Last week in a news article, our Vice President, Mr Venkaiah Naidu, commented on the situation of the farmers in India. He quoted holy Gita and said our farmers are working relentlessly on the fields throughout the year even during the pandemic without asking for the right reward. The farmers are not allowed to sell their produce. Yet, these important economic agents have been systematically denied the constitutional right to trade. This is a form of exploitation that has its roots in our colonial past like the Bengal famine of 1943, drainage of wealth from India during the Second World War and later consecutive droughts and food shortages of the 1950s-60s.

The Agricultural Produce Market Committee (APMC) Acts of the states, and The Essential Commodities Act of 1955 have tied the hands of the farmers. They are only allowed to sell their products within the designated market area and to Food Corporation of India (FCI). Due to such restrictions, farmers try to sell their produce via middlemen to gain profit from unregulated markets the profit earned from agriculture goes to middle-men and brokers before reaching the producers. There is no incentive for private corporations to invest in agri-sector because of the non-remunerative nature of farming in India. The chains around the farmers are not fruitful to any of the stakeholders. Neither is State getting extra revenue nor are the producers receiving desired profit nor are private companies finding any incentive to invest in the farm sector. This is high time our agricultural sector is given as much priority as the industrial sector and farmers are given their due.

THEORETICAL UNDERLINING

Many experts say that the Indian economy has ‘dualistic’ features, but it is not determined if we can call India- a ‘dual economy’. In a dual economy model, both the urban industrial sector and the rural agricultural sector co-exist in a set-up of perfect and healthy competition. Historically, the dual economy models use comparative statistics of both the sector to create a competitive atmosphere and accelerate the growth rate. This economic model has been propagated by many experts like Arthur Lewis. Although India has both the sectors operating simultaneously, the non-remunerative character of farming has taken the competition away from the economic scenario of our country. Typically, in a dual economy, industrial goods and farm goods function as substitutes whereas the prices of agricultural products are determined either endogenously (by meeting the global standards of prices in open economies) or by using utility maximization method (used by closed economies thus not suitable for Indian structure). India has subsidized most of the farm goods, so the Indian agricultural sector is not ready to sustain the global competition posed by western agri-goods.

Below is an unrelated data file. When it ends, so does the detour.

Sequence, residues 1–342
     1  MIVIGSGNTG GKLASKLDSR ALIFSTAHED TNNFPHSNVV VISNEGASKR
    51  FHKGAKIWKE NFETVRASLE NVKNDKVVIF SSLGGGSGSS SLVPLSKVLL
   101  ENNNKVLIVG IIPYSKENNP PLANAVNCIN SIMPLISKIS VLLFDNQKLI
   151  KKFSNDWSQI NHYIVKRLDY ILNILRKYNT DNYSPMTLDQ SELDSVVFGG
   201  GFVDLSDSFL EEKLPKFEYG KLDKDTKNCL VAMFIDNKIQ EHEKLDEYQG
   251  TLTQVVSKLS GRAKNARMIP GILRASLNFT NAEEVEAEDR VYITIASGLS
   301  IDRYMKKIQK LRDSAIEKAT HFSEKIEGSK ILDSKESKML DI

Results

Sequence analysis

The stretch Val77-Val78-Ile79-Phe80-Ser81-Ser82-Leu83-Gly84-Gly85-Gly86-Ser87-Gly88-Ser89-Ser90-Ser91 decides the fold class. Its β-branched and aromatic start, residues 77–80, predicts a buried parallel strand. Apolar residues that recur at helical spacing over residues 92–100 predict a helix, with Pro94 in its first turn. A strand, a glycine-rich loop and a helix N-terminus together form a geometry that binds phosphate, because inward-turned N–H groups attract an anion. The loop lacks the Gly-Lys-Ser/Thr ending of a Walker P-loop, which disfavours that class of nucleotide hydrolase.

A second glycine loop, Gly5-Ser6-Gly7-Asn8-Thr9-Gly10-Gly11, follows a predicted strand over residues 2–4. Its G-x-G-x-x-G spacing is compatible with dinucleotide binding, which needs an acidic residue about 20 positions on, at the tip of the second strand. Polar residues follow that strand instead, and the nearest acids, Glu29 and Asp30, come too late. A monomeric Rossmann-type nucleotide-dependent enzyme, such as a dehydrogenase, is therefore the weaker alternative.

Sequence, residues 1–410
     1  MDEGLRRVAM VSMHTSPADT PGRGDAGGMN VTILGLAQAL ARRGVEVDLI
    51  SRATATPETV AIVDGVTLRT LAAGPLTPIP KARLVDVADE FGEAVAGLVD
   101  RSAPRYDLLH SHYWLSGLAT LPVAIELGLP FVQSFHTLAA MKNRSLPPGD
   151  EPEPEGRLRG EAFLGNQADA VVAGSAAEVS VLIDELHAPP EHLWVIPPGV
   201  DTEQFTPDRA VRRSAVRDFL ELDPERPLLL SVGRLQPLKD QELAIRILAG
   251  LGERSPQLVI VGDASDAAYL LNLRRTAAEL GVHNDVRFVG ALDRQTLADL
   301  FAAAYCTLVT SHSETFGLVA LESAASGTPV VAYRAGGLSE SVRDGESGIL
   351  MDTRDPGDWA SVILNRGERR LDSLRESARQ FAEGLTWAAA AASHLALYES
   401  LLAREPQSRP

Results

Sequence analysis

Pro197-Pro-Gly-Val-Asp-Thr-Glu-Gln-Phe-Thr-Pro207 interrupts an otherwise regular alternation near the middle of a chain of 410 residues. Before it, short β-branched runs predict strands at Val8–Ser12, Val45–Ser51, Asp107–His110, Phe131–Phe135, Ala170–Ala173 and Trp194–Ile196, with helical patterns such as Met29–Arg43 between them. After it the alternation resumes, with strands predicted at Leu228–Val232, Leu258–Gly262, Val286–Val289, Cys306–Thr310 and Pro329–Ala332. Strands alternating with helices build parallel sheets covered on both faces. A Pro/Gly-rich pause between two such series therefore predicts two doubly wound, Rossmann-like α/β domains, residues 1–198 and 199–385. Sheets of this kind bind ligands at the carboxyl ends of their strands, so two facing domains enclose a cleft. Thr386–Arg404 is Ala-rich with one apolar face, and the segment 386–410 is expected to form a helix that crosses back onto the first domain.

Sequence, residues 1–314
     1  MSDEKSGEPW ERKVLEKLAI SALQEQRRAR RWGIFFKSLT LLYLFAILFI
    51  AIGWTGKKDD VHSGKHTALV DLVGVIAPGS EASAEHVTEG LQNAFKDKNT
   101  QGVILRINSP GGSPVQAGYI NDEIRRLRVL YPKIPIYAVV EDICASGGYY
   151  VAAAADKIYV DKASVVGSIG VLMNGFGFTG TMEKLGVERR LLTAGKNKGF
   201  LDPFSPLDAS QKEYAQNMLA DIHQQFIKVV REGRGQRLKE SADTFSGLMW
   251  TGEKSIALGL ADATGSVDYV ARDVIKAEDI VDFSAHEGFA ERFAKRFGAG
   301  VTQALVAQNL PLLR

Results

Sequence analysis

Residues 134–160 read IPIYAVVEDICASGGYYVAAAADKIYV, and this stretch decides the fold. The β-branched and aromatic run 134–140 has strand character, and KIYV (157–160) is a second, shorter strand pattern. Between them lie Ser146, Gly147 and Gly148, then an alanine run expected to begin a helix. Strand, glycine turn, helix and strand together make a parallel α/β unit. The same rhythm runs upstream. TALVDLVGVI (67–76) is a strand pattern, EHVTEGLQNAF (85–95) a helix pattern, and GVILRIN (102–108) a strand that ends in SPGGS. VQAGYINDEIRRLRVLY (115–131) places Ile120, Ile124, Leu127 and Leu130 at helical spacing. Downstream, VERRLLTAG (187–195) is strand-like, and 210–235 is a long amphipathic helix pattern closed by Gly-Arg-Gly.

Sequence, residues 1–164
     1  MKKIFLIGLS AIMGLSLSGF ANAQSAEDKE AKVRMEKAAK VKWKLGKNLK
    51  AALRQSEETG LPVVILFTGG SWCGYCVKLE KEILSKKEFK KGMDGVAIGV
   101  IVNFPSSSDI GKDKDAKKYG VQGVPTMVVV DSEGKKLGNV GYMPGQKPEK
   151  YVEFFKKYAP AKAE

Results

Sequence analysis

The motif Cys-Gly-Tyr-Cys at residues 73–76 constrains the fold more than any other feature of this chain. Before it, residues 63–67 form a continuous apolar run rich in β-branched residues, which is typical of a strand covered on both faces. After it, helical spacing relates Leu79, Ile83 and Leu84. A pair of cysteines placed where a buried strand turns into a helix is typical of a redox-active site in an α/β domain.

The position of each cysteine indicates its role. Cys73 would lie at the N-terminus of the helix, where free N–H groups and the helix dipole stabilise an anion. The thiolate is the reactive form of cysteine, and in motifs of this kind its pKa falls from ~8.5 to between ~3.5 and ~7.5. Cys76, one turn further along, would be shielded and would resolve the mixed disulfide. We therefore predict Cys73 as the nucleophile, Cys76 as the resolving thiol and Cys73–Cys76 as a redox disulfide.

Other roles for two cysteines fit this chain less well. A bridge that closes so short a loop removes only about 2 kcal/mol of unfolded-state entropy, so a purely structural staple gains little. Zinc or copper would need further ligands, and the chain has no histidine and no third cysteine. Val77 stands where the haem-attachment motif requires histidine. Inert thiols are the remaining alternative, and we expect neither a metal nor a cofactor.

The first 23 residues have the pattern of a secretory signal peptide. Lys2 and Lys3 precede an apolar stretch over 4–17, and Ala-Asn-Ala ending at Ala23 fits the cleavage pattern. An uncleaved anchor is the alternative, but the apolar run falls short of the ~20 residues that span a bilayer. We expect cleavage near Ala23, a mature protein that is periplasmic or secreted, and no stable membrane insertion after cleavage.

RECENT DEVELOPMENTS

Bringing autonomy in the agricultural sector have been discussed in Nirmala Sitharaman’s five tranches revelation of 20 lakh crores economic stimulus package announced by Prime Minister Narendra Modi. On 3rd of June, union cabinet headed by the PM has passed an ordinance to amend The Essential Commodities Act of 1955, and it will be made effective immediately. The amendment aims at deregulating production as well as other aspects like storage, distribution and movement of agri-commodities. The Centre hopes by removing the fear of excessive government regulation in this sector, private and foreign investments will be attracted, and in the long run, it will help to modernize the food supply chain. Our agriculture minister Narendra Singh Tomar noted, “This is a visionary step towards the transformation of agriculture and raising farmers’ income”.

He further added, now the farmers will be able to sell their produce to whoever they want to- to any individual buyers, companies and cooperatives. The Act will also take down inter-state barriers and promote contract farming to boost the economy. This Act has stricken out commodities like potatoes, onion, edible oils, oil-seeds, pulses, cereals from the list of essential commodities but to protect consumers, and the Act leaves room for the Government to regulate during emergencies like war, natural calamity etc. This is the very first step towards freeing agricultural sector from the regulation of Government, and it is not possible to assess how the farmers will be affected by this amendment at this nascent stage. If agriculture is made remunerative at least per-capita income of the farmers would rise in the grass root levels.